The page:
Former Alabama Republican Senate candidate Roy MooreRoy Stewart MoorePress: For Trump endorsement: The more sordid, the better Roy Moore loses lawsuit against Sacha Baron Cohen Shelby backs ex-aide over Trump-favored candidate in Alabama Senate race MORE, who lost a December special election after allegations of past child molestation and sexual misconduct surfaced, floated a possible future bid for office in a statement released Thursday.
"I have no plans at this time to run for office. Nevertheless, plans change. If the opportunity arises to make a difference, I will have no reluctance to again run for political office, including that of governor," he said in the statement.
Moore lost the recent special election to fill Attorney General Jeff SessionsJefferson (Jeff) Beauregard SessionsPress: For Trump endorsement: The more sordid, the better Those predicting Facebook's demise are blowing smoke If bitcoin is 'digital gold,' it should be taxed like gold MORE's Senate seat in no small part thanks to the allegations that surfaced against him weeks before the election — including accusations that he initiated a sexual encounter with a 14-year-old girl and sexually and romantically pursued teenagers decades ago while he was in his 30s.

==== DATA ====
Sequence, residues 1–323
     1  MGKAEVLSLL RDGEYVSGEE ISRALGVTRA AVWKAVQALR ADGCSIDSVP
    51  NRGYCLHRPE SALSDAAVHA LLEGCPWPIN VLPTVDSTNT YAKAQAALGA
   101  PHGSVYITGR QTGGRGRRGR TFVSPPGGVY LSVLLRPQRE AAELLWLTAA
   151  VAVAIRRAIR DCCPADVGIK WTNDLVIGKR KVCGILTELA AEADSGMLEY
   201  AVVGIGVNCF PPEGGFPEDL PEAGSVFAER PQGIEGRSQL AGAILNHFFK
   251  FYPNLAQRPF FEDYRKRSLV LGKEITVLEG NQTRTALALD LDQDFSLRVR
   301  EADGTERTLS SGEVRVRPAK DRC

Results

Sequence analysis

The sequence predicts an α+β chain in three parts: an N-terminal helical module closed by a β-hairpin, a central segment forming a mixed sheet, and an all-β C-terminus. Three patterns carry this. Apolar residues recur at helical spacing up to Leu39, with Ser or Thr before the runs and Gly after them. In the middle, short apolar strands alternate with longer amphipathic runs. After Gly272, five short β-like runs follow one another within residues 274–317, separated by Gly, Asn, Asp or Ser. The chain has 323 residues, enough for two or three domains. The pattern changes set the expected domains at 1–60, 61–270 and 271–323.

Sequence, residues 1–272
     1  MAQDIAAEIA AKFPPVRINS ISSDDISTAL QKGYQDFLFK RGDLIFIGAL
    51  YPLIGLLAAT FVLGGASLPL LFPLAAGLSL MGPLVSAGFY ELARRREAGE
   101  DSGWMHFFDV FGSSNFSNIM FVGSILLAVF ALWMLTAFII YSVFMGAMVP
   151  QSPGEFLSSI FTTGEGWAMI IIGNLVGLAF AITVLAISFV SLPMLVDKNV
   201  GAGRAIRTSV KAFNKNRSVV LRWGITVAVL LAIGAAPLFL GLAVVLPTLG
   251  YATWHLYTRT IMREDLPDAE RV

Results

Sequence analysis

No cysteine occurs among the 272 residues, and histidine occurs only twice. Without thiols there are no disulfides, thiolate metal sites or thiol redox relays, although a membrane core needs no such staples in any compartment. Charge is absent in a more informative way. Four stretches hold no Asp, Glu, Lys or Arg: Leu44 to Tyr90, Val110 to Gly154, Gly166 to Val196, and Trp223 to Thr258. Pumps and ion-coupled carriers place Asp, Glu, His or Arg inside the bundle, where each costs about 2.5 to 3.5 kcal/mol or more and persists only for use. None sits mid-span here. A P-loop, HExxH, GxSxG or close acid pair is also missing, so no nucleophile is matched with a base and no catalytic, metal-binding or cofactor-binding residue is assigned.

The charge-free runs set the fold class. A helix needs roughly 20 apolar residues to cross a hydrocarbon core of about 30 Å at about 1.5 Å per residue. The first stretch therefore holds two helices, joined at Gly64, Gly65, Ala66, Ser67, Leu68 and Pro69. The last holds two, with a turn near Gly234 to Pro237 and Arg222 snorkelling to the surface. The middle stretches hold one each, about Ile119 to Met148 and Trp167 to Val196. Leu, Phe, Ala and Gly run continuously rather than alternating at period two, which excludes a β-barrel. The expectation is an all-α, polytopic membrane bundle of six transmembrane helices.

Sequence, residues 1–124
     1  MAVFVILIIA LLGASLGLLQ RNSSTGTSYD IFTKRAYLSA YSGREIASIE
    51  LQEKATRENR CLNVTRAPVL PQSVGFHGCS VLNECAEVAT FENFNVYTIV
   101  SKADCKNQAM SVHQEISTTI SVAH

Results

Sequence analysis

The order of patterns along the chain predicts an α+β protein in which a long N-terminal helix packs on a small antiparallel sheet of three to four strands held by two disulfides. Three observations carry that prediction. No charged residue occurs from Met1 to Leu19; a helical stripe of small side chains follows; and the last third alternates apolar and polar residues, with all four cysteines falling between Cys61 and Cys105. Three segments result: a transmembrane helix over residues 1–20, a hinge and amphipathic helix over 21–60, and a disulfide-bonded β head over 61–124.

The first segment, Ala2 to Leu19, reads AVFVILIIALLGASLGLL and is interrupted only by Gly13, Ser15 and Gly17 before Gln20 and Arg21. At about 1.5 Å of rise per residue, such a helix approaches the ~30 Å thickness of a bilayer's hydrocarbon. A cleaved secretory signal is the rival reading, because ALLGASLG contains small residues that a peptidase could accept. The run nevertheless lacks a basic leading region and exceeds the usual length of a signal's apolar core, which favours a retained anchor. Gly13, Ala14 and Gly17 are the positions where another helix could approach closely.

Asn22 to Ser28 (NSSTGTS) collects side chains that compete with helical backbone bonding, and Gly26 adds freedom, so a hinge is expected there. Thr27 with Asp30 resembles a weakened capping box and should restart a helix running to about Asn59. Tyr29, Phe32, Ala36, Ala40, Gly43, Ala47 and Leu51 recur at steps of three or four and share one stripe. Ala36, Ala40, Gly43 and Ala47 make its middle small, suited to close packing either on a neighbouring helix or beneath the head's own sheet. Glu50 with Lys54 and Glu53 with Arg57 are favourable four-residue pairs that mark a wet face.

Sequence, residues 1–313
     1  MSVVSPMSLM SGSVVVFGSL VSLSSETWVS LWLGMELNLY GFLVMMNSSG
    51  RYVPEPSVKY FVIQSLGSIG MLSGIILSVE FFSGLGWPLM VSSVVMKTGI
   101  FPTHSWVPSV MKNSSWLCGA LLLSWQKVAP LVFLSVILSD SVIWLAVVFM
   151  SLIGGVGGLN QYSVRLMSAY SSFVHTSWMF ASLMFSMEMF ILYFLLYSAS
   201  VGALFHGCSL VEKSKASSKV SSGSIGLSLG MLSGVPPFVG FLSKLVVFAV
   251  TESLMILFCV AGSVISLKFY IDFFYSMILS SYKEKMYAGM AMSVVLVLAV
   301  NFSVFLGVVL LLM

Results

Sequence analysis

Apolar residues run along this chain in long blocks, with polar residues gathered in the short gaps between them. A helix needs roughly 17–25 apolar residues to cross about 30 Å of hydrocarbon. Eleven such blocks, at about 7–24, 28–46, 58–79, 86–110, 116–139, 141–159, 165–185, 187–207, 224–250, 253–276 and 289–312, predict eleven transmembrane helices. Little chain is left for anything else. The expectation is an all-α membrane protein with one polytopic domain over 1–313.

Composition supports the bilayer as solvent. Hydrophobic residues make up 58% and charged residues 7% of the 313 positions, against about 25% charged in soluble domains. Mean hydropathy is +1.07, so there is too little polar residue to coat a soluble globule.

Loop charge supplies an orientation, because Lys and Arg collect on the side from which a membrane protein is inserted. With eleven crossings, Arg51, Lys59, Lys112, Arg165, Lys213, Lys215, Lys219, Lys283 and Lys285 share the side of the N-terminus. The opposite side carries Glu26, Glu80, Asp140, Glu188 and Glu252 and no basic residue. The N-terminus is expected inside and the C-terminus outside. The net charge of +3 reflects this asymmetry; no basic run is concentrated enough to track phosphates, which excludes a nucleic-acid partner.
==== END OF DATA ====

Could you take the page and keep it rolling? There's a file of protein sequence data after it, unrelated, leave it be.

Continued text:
But he and his allies have been defiant, raising money for a legal defense fund and arguing in a Tuesday press conference that he's a victim of a "political conspiracy."
Most Republicans stood by Moore as the party's nominee — the Alabama state GOP and the Republican National Committee refused calls to disavow his candidacy — and President TrumpDonald TrumpSenate rejects attempt to block Biden's Saudi arms sale Crenshaw slams House Freedom Caucus members as 'grifters,' 'performance artists' Senate confirms Biden's nominee to lead Customs and Border Protection MORE not only questioned the accusation but headlined a rally on Moore's behalf in the final days of the campaign.
However, the National Republican Senatorial Campaign Committee cut its fundraising ties with Moore and its head, Sen. Cory GardnerCory GardnerThe Hill's Morning Report - Presented by Facebook - Biden to tackle omicron risks with new travel rules Gun control group alleges campaign finance violations in lawsuit against NRA Colorado Supreme Court signs off on new congressional map MORE (R-Colo.), called on the Senate to expel him if elected.
Moore had been floated as a possible gubernatorial candidate earlier this year as Gov. Kay Ivey (R) considered running for reelection, but he ultimately did not file a candidacy.
He's previously staged two failed campaigns for governor, while winning two elections to serve as the state's chief justice of the Supreme Court.